Vascular endothelial growth factor: a neurovascular target in neurological diseases

Nat Rev Neurol. 2016 Aug;12(8):439-54. doi: 10.1038/nrneurol.2016.88. Epub 2016 Jul 1.


Brain function critically relies on blood vessels to supply oxygen and nutrients, to establish a barrier for neurotoxic substances, and to clear waste products. The archetypal vascular endothelial growth factor, VEGF, arose in evolution as a signal affecting neural cells, but was later co-opted by blood vessels to regulate vascular function. Consequently, VEGF represents an attractive target to modulate brain function at the neurovascular interface. On the one hand, VEGF is neuroprotective, through direct effects on neural cells and their progenitors and indirect effects on brain perfusion. In accordance, preclinical studies show beneficial effects of VEGF administration in neurodegenerative diseases, peripheral neuropathies and epilepsy. On the other hand, pathologically elevated VEGF levels enhance vessel permeability and leakage, and disrupt blood-brain barrier integrity, as in demyelinating diseases, for which blockade of VEGF may be beneficial. Here, we summarize current knowledge on the role and therapeutic potential of VEGF in neurological diseases.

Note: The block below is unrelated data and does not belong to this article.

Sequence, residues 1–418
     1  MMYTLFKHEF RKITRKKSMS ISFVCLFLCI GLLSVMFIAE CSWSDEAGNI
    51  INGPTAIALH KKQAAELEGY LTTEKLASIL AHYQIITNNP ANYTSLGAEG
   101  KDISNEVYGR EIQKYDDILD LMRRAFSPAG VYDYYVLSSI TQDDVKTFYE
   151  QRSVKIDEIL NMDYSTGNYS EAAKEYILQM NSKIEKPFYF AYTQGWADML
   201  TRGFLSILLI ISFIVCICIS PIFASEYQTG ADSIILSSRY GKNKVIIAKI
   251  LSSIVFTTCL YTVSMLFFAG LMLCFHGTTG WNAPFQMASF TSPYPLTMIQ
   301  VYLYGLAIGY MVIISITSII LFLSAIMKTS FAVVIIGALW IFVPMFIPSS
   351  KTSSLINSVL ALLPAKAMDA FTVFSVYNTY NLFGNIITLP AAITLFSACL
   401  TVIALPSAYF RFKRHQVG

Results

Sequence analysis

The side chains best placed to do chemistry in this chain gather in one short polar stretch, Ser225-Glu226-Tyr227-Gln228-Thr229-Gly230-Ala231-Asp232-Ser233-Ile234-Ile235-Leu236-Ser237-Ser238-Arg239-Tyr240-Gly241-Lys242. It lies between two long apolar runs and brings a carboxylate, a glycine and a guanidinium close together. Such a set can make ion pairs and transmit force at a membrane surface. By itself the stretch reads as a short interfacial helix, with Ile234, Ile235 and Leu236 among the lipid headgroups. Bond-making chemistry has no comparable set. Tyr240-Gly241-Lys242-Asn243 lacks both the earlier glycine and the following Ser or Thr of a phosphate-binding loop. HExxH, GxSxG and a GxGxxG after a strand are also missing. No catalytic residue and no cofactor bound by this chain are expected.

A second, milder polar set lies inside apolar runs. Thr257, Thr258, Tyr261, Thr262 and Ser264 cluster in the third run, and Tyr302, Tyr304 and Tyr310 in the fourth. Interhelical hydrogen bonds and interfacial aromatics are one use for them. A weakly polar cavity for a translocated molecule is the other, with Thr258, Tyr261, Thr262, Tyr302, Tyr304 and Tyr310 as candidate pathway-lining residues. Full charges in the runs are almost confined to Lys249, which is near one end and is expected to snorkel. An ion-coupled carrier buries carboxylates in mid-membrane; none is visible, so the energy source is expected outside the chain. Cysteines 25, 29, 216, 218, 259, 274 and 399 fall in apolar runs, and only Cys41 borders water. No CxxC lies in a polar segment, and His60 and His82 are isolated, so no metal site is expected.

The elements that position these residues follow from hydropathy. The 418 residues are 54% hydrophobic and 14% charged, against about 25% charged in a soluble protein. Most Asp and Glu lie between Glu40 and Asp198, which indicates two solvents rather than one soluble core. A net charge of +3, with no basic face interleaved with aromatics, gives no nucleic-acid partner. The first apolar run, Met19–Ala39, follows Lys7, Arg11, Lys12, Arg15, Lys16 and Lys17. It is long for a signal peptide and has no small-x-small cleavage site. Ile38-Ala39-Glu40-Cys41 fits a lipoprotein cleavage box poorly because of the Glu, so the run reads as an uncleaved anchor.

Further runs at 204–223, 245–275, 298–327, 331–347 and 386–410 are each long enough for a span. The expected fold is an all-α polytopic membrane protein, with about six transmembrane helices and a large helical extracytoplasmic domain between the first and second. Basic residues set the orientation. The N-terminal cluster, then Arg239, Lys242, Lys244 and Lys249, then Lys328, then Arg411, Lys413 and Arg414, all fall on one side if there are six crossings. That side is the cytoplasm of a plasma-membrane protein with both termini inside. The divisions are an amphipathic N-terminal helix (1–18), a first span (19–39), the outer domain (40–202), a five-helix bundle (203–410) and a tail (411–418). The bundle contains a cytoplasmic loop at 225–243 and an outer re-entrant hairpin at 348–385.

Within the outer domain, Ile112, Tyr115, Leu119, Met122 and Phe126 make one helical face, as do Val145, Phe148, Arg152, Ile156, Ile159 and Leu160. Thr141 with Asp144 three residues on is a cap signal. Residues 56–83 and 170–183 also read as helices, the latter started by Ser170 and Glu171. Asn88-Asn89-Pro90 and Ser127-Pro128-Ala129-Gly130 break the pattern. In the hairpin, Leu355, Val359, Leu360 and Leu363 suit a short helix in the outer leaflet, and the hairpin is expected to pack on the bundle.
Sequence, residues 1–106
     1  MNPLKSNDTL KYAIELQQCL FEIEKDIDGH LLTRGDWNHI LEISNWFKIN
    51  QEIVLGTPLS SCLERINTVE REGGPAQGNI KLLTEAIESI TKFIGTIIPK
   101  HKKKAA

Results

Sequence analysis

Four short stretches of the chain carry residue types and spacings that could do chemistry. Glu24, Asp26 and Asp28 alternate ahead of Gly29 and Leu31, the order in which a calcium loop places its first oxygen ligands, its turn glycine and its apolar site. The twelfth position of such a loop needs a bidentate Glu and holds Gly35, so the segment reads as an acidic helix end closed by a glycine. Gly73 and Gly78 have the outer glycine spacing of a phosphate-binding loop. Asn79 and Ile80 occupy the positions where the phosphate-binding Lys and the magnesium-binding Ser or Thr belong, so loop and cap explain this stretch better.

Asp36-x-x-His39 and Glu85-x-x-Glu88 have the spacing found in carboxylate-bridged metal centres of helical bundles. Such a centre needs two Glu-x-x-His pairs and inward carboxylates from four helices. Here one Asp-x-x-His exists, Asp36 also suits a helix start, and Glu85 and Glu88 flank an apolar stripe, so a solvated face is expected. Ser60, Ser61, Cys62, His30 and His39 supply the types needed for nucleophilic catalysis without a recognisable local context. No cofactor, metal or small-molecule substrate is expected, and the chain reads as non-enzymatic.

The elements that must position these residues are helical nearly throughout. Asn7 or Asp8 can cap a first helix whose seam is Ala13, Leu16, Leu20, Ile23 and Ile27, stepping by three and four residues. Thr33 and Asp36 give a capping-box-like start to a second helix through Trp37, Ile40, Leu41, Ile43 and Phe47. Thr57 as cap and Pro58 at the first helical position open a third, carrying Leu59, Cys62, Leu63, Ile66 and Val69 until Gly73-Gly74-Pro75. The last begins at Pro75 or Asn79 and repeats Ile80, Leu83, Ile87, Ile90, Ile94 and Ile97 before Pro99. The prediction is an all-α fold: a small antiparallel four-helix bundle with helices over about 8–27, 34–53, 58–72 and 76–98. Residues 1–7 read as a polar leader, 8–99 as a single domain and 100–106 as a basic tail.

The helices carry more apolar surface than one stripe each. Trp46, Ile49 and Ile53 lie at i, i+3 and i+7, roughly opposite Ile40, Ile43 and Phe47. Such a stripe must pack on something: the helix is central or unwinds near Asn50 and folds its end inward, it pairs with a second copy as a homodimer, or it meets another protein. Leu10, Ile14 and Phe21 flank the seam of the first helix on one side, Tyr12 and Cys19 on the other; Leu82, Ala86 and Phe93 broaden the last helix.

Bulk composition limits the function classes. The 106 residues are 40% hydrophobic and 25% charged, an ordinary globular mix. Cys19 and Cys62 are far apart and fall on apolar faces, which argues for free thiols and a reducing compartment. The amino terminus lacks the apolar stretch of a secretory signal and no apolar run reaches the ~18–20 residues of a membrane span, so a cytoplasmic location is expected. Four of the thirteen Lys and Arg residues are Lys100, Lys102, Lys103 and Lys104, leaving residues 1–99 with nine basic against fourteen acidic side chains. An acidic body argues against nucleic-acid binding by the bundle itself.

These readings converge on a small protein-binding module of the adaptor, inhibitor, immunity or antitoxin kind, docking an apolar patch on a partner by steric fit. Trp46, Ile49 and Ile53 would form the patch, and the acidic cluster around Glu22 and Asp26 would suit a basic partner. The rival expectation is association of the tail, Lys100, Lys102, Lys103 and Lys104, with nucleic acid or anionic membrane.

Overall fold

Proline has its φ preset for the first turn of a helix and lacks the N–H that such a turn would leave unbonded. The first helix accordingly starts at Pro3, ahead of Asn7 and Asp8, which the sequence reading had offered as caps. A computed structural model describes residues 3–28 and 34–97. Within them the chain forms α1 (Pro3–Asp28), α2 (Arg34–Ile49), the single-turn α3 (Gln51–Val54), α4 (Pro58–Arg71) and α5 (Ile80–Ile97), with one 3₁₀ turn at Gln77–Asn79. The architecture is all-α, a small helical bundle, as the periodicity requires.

Publication types

  • Review

MeSH terms

  • Animals
  • Clinical Trials as Topic / methods
  • Drug Delivery Systems / trends*
  • Humans
  • Nervous System Diseases / drug therapy*
  • Nervous System Diseases / metabolism*
  • Recombinant Proteins / administration & dosage
  • Vascular Endothelial Growth Factor A / antagonists & inhibitors
  • Vascular Endothelial Growth Factor A / metabolism*


  • Recombinant Proteins
  • VEGFA protein, human
  • Vascular Endothelial Growth Factor A